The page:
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Walsh County Press
Park River , North Dakota
October 27, 2021     Walsh County Press
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October 27, 2021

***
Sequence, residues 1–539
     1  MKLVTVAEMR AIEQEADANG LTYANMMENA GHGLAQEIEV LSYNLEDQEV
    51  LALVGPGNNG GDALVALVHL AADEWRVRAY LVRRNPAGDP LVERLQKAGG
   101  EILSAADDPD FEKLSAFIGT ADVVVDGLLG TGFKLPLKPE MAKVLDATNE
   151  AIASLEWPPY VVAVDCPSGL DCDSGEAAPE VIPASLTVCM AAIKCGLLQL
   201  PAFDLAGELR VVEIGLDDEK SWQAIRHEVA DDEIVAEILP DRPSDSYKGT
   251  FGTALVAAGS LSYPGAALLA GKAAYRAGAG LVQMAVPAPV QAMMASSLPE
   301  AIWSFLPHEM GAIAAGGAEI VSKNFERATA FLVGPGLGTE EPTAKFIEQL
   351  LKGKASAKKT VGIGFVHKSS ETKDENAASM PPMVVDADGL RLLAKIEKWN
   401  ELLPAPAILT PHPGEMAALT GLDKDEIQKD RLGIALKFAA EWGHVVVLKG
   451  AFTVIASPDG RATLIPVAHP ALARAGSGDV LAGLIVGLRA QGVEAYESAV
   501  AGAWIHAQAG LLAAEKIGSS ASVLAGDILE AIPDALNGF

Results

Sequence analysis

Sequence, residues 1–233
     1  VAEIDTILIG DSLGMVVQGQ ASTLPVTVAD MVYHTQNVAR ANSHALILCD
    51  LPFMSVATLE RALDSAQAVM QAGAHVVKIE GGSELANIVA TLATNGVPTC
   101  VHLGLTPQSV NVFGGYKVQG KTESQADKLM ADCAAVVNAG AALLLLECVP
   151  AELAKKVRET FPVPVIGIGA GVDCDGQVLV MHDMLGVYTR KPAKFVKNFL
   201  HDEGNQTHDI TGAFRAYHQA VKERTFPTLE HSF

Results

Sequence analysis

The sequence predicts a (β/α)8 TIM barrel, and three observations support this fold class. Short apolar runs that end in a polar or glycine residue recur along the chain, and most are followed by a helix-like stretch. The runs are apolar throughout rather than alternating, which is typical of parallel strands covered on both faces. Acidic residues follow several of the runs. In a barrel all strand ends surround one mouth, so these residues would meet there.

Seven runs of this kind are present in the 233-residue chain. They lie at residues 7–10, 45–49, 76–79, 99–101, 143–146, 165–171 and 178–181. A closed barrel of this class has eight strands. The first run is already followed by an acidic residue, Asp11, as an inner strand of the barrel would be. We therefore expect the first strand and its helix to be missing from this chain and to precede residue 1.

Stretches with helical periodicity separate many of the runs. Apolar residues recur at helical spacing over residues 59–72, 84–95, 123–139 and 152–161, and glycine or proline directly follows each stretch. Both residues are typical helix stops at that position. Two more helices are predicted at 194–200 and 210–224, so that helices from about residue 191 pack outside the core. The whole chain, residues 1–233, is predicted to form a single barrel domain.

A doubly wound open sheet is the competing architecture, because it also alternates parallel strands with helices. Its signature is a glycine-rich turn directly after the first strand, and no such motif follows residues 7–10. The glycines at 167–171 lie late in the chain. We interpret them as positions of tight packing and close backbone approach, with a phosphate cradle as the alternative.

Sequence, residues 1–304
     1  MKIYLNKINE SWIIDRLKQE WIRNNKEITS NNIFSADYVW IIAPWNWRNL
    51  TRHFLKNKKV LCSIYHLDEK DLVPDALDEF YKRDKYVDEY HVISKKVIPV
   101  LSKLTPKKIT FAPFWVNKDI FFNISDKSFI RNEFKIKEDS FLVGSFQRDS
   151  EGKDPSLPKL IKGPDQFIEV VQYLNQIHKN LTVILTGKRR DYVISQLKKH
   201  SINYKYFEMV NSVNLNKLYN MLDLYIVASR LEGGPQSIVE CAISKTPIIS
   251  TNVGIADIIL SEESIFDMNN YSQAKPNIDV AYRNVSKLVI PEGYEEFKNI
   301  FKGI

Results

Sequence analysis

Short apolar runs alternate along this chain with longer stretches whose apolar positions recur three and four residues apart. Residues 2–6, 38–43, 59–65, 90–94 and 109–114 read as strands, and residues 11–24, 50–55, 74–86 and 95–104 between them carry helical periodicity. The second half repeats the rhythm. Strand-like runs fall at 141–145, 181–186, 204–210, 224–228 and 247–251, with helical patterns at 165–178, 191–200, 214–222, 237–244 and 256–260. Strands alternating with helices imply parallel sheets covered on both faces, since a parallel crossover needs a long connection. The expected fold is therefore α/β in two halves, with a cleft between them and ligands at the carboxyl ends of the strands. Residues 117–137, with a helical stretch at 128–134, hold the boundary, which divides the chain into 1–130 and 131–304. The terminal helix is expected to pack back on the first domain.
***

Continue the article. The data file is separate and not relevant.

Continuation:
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._,___,-.,.._.._.A.,.._. by... .l,_.,_.,..._.-. v... ,-.- a”, _, ,m ...._ .. .-. . . .W . WALSH COUNTY PRESS - WEDNESDAY, OCTOBER 27, ZOZI Page 7 By David Larson for The Press Last month I promised an article on crime in Park River. As often happens, the criminals, a disorderly group by nature refused to cooperate. The article will appear when I have gotten the drunks, the axe mur— derer, the guy with the shotgun, and the clever thieves under control, the article will appear. I’ve noticed that a couple of contributors to “Park River Back When” have been curious about the his- tory of the ag school. This article and November’s will look at the agricultural school from its beginnings in 1912 to the middle of the 1920s. In December, the high point in Park River’s history. From our beginning in 1884 Park River always had a good school system. We built a solid brick school- house, kitty-comer from the Little Park, within two years. By 1892, the town had a first-class high school, one of only two in the county. The high school had a female principal, Effie Hayes, one of only one in the county. Three years later the brick school build- ing had expanded from four classrooms to eight and had a new steam heating system. The high school of— fered Latin, Chemistry, and four years of English. PRHS won several state titles in football and track. The city school system was continuously improving. But the most momentous change in local education during these years, and possibly in the entire history of the city occurred up on the Hill in September 1913, when the Walsh County Agricultural and Training“ School opened. .r. This new school was madepossible.when.thestate if, legislature passed the Gibbens Act in 1911. This act provided state funding for county-based schools whose goals were the practical training of young peo- ‘ bi ple particularly for the vocations of farming and teach- ing. Under the terms of the act, the state and county would provide free vocational education for residents of the county. It was not an overused piece of legis- lation; only two schools were established under its terms. The Benson County Agricultural School in Mad- dock lasted until the late 19505 or early 1960s. The Walsh County Agricultural and Training School (WCAS), operated from 1913 until it was absorbed into the Park River school district in 1972. [[Author’s comment: I earned a week or so of powerfiil street cred as a fresh college freshman when my private prep school friends learned I was a training school grad.]] The Gibbens Act mandated a two-step process for the organization of such an institution. First, a coun- ty-wide referendum had to approve the school’s construction and finding, then the County Commis- sioners were to decide its location, . The agricultural school question came before the voters in November 1912. The election results were surprising in several ways. The voters in this highly Republican county preferred the Democrat Woodrow Wilson for president. Moreover, the Socialist candi- date got three times as many votes as the Prohibitionist. Perhaps even more surprising: a heavily agricultural county barely approved the establishment of an agri- cultural school. The proposal was carried by only 50 votes, 1466-1416. Even more surprising: virtually al- most every agricultural precinct voted against the school, while the three largest towns voted heavily for it. Park River, which wanted the school, favored the measure 240-10. After the favorable vote, the County Commissioners promptly awarded the school to Park River. Money helped the decision along, so did property: Park Riv- er had already put up $1600 earnest money and offered options on ten possible sites. A quickly appointed board got quickly to work. By the beginning of May, the site had been secured, and building plans were approved. The new school was to be a brick structure, 86’x50’, with two upper stories and a full basement. From the top floor, the View of the Valley was spectacular. The building ended up costing much more than the orig- inal $20,000 estimate, but the townspeople made up the $15,000 difference. ‘ The construction crews were fast—they nearly met the November 15 deadline. By December 1913, work was complete except for the top floor, and stu— dents and staff occupied the building. The incoming students must havebeen the envy of every other high schooler in the state. The floors were hard maple throughout. The entire building was heated by steam. There was running water on-demand —— hot and cold. Modern lavatories were connected to a large septic tank. The domestic science room was equipped with large gas-heated ranges. The list of modern features ran on. The new facilities were, in short, palatial in comparison to the local high school’s. The building was very modern; the curriculum was deliberately different. WCAS was to be a practical, vo- cational, school, in which all thinking was intimate- ly tied to practical application. The curriculum had no . Latin or Chemistry, nor, in the first year, even any Eng- lish apart from a basic grammar course. There were four main courses of study. The ped— agogy curriculum led to a second—class teaching cer- s: V \{r-JJ 9: m Photos: Submitted Top: The campus of the Walsh county Agricultural School. Middle: The main building was ready for use in December 1913. This looks like they are finishing up conctruction — maybe summer, 1914. Bottom: Credit and deep thanks for the military drill photo should go to Alice Midgarden Moe. Her father, Alfred, (Russell, Alice, Paul, and Joe's father) was one of the original students in 1913. tificate. Domestic science stressed cooking and sewing. There was also a manual training option, but this was closely associated with the major reason for the school’s being, agricultural training. . . Presiding over the frenetic efforts to organize a new school ex nihilo was the superintendent. William A. Broyles was hired at the end of May to preside over a school that would open its doors in four months. When Broyles signed his contract, the school had no doors to open — for that matter, it had no building at all, nor a curriculum, nor any teachers, nor students. Broyles secured a large part of the city hall for tem- porary classroom space. He located a teaching staff. Broyles himself was both the superintendent and the agronomy teacher. George Hargreaves was appoint- ed for manual training, Bena Hanson was hired for teacher training, and Florence Sly for domestic sci- ence. In addition, the superintendent of the city school, MH Agarn, agreed to teach psychology and pedagogy to the teacher training students. Broyles’ wife, Bertha, was the school’s first secretary. , In that same busy summer, Broyles also put together a curriculum in a neat booklet that described the school, its purpose, and its courses of study. And he visited in every comer of the county trying to interest parents in enrolling their children in a program of education that was, first and always, practical. He was rather successful. When Broyles ad- dressed the students at the first chapel service on Sep- tember 15, 1913, he was greeted by 78 faces. The num— ber quickly rose to 90, for many potential students were burdened with the practical need of keeping the fam— ily farm functioning. First, the harvest work got fin- ished, then came the luxury of a practical education. For those who didn’t have the time for a full year of schooling, the school offered the Short Course (about a week of practical education), or the Long Course (in- tense practical education in mid-winter for about 2 1/2 months). Broyles coped with overwhelming problems in opening the new school, but his first annual report was less than glowing in its evaluation of the year’s ex- periences. His report read at one point: ' “The county agricultural school has met with some difficulty in the formation of a curriculum that would meet the needs of the school and at the same time coordinate with the curriculum of the high school at Park River.” Every word in Broyle’s statement is easily under- standable English, nevertheless, its meaning is not at all clear—as Broyles no doubt desired. Once you have read this rhetoric several times a general conclusion seems to emerge—things did not go at all Well in the first year. Broyles’ report provided veiled hints that some of the students were not very mature. There was an ex- treme age difi‘erentiation; the youngest student was 14, the oldest 23. Most of them were away from home for the first time, and there were neither dormitories nor any counseling assistance to help them cope with iso- lation. All the agricultural students took the first-year curriculum, no matter how advanced they may have been because there were neither the faculty nor the fa- cilities to teach sophomore-level courses. How, Broyles asked circumspectly in his year-end report, are we to teach Dairying (a sophomore course) if the school has neither cows nor a dairy barn? Broyles went on to mention other situations that needed to be overcome; there was no physical edu- cation for girls, no music training, ‘no literary work, nor enough social events. During the entire school year, there had been only two social events, and one of those had been organized for those who enrolled in the Short Course. It was a strange report: it listed the shortcomings of the first school year but made few suggestions about what ought to be done in the upcoming and filer years. Broyles’ reticence might have been due to the Chairman of the County School’s board, an irascible, opinionated, power-seeking, and intrusive local lawyer, E. Smith-Peterson. Though the situation is not apparent from newspaper articles or from reports to the state commissioner, Smith—Peterson seems to have ruled the school until his death in 1918, a five—year au- tocracy. As the second school year opened in 1914 at least two problems had been addressed. There was now a Days of Park River Past: The beginnings of WCAS teacher of Dairy and Horticulture. And over the sum- mer, Mr. Hargreave, the manual arts teacher had fin- ished off part of the empty upper floor, providing more classrooms in addition to the as-yet-unfinished as- sembly room. The facilities improved. There was, though, disastrous decline in enrollment at the beginning of year two, a strong confirmation that things had not gone well in the first year. Only 36 stu— dents showed up for the opening day registration. That figure of 36 was one of the very few times that specific enrollment figures were mentioned. One has to conclude that the officials of the County School (most probably E. Smith-Peterson) were embar- rassed and infuriated by the enrolhnent numbers in the earliest years and took pains to conceal them. Even in the first-year report, Supt. Broyles clouded the fig- ures, reporting an enrollment of 126, a figure which cannot possibly represent the situation at a particular point in time. Granted that a number of students dropped out during the year (though Broyles noted that none were expelled), a total of 126 isn’t consistent with “about 25” in teacher training, and “about 30” in the agricultural track. These figures left only the domes- tic science track, whose enrollment was “consistent”. Broyles must also have included registrants in the Long Course, which met only for three winter months. In February 1915 second semester enrollment was over 80, but only 29 of them were enrolled in the four-year program. Enrollment levels perked up by the fourth year and they were reported much more candidly. At the be- ginning of the 1916-17 year, Broyles announced an opening—day enrolhnent of 40, which predictably rose, to 64 by late October, the “largest in history.” The city high school, by contrast, began with 92 students in the opening week. WCAS enrollment was growing, but it wasn’t until 1923 that the school could claim an en- rollment of 100+ full-time students. The agricultural school was also very successful, after the first year, in developing a curriculum that lived up to the school’s motto of “Hands and Brain.” The student work that was reported in the local newspa- ‘ pers either met a need of the school or developed stu- dents’ skills. Ideally, they did both. When a set of In- dian clubs came in for use in physical education class- es, the boys in the blacksmithing class made a set of wall holders for them. When it became evident dur- ing the school’s first semester that it was very incon- venient for teachers and students to have to walk near- ly a half-mile to get a hot meal during the noon hour, the domestic science class began planning and prepar- ing dinners for the students and staff. The boys in the engineering class restored Ole Thorson’s Studebak- er, and they not only refurbished a bull tractor but also used it to level the grounds to the east of the school building. Superintendent Broyles did a fine job in getting the agricultural school started. The initial teaching staff was 4; Broyles got that number increased to 7 by the beginning of the school’s fourth year. He increased en- rollment and established close relations with the state agricultural college. He was so talented, in fact, that after school had started in October 1916, Texas- A&M University offered him a teaching position. It was very abrupt. The same issue of the local paper that reported his resignation also reported a farewell par- ty and the Broyles’ departure for Texas. His rapid departure left the school in a difficult po- sition: school had started and there was no principal. The board located a replacement, Fredrick Oldenburg, rather quickly. A week later he settled his family into their new home and began his work. Four months lat- er he resigned “to continue graduate work” at the Uni- versity of Wisconsin—in the middle of the spring se- mester. Administrative instability plagued the institution for the next three years. In other ways, the new school made much progress in its first four years. The curriculum stabilized and some “academic” courses were added, like English and “Norse”. There were more agricultural courses offered than ever before, the students and teachers got nutri- tious noontime meals, a girls’ gym class was finally organized. The Short Course and the Long Course at- tracted many participants. As to the number of full- time students, the press release early in the fifth year of operation stated that “enrollment was grong ,week— ly,” but made no mention of specific figures. ' WCAS’ situation began to improve rapidly in the early 1920s, but that must wait until next month’s ar— . ticle.